© Elaine Stirling, 2017

Strombolian Etude


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~~a pantoum~~

I offer hail to Strombolian eruptions,
little stones that break no bones
making light of your incandescent cinders
split apart on tindered fields.

Little stones that break no bones,
oh, lapilli, when did I stop believing?
Split apart on tindered fields
I burn and sputter, no relief.

Oh, lapilli, when did I stop believing
in non-violent sporadic joy?
I burn and sputter, no relief
belching memes like lava bombs.

In non-violent sporadic joy,
making light of your incandescent cinders,
belching memes like lava bombs,
I offer hail to Strombolian eruptions!


Author’s note: Strombolian eruption refers to volcanic activity that is mildly explosive, sporadic, and fairly safe to observe. Lapilli, Latin for little stones, are shot into the air, along with other bits and pieces mentioned in this pantoum. The term comes from the volcanic island of Stromboli off the coast of Sicily.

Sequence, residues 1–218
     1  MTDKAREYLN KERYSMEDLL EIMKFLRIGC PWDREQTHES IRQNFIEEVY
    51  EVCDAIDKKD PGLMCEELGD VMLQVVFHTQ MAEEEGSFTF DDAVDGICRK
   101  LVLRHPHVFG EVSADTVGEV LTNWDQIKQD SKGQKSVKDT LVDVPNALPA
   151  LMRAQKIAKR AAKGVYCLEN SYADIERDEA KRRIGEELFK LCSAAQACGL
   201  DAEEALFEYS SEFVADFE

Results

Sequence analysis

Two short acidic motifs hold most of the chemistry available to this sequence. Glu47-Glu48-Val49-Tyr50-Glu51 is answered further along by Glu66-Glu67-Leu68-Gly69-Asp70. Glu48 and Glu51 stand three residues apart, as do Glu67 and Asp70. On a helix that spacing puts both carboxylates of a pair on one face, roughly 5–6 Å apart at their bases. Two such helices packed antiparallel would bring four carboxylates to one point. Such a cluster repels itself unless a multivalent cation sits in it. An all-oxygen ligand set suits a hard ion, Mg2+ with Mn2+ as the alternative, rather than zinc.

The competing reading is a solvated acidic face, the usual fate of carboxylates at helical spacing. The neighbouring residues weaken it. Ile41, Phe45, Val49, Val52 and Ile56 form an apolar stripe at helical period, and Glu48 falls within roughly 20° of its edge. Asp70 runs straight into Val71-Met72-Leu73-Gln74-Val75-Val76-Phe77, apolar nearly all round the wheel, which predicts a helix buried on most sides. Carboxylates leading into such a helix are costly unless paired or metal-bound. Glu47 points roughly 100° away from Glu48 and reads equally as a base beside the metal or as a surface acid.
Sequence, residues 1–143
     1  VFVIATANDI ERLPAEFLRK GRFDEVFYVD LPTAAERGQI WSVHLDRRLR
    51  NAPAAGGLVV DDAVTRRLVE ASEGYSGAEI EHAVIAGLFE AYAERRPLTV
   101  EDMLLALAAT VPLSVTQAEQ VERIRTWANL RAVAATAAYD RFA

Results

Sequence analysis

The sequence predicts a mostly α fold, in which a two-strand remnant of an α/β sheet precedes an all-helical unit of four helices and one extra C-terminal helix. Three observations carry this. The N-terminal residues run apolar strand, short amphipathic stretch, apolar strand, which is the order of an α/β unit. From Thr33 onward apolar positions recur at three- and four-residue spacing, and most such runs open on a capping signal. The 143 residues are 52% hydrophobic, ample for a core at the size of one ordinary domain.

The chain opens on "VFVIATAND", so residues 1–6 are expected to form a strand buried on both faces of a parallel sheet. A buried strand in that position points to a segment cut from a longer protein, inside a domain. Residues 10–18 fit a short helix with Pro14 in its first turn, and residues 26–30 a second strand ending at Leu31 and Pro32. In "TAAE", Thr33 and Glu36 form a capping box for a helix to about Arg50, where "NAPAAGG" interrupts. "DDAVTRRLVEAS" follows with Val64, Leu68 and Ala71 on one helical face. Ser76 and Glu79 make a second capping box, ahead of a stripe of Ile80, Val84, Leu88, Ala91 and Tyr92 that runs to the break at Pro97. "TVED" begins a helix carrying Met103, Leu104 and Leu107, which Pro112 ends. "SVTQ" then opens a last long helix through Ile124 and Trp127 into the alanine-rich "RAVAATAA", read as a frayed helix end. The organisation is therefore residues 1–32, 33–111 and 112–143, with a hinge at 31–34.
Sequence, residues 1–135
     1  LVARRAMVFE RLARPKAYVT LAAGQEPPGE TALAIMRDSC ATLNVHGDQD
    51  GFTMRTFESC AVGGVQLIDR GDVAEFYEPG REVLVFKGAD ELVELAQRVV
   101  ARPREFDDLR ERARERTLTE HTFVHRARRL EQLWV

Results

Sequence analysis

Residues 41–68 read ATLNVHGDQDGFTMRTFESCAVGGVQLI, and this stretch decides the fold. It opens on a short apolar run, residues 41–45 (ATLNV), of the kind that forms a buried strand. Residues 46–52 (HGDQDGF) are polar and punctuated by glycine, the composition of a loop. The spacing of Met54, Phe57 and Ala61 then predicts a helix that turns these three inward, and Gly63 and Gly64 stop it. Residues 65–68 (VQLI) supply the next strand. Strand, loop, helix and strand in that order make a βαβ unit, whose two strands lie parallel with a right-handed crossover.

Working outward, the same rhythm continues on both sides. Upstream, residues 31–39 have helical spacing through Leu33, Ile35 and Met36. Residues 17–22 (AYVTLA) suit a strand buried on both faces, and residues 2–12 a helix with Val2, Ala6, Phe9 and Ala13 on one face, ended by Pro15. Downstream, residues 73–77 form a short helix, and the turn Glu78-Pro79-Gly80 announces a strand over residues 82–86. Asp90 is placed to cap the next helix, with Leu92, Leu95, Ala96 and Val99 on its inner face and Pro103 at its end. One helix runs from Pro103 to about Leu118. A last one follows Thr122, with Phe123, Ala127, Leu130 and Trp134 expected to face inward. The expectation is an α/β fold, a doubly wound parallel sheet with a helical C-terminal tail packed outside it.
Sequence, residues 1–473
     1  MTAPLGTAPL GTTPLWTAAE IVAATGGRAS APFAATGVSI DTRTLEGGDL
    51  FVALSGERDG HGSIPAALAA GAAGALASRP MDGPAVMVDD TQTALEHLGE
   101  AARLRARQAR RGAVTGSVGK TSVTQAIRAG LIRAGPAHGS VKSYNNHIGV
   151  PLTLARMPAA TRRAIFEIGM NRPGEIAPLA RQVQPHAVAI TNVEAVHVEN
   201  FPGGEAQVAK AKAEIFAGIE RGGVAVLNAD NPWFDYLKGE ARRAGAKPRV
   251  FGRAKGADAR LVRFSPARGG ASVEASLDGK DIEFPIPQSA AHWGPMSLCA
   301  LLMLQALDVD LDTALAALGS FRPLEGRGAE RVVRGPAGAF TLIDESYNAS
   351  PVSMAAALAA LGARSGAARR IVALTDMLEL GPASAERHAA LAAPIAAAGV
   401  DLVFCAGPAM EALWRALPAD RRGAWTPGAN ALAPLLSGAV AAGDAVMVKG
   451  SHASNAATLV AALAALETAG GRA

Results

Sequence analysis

© Elaine Stirling, 2017
Photographer, unknown




If I had words
I’d write a poem by the lake
on a yellow chair
while a dog
in coat of black
and white ran circles
round me, wet and shook—
if only past tense of the verb
were shaked.
It’s not.

Rhyming can be faked
though like intelligence
and smiles, only for a while
until it stinks.

Pretending has its place.
I do a lot of it,
but for the moment
I shall neither feign nor think.

I am content to sit here
and be laked.

© Elaine Stirling, 2017

The Last Articulate Man


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~~a sequence of form poems~~

1 – Triolet

To the last articulate man standing
I have put out a call.

I am dumbstruck, appalled by what people are handing
to the last articulate man standing.

Can he not see we have slowed to a crawl?
We cower in shadows, don’t say a damn thing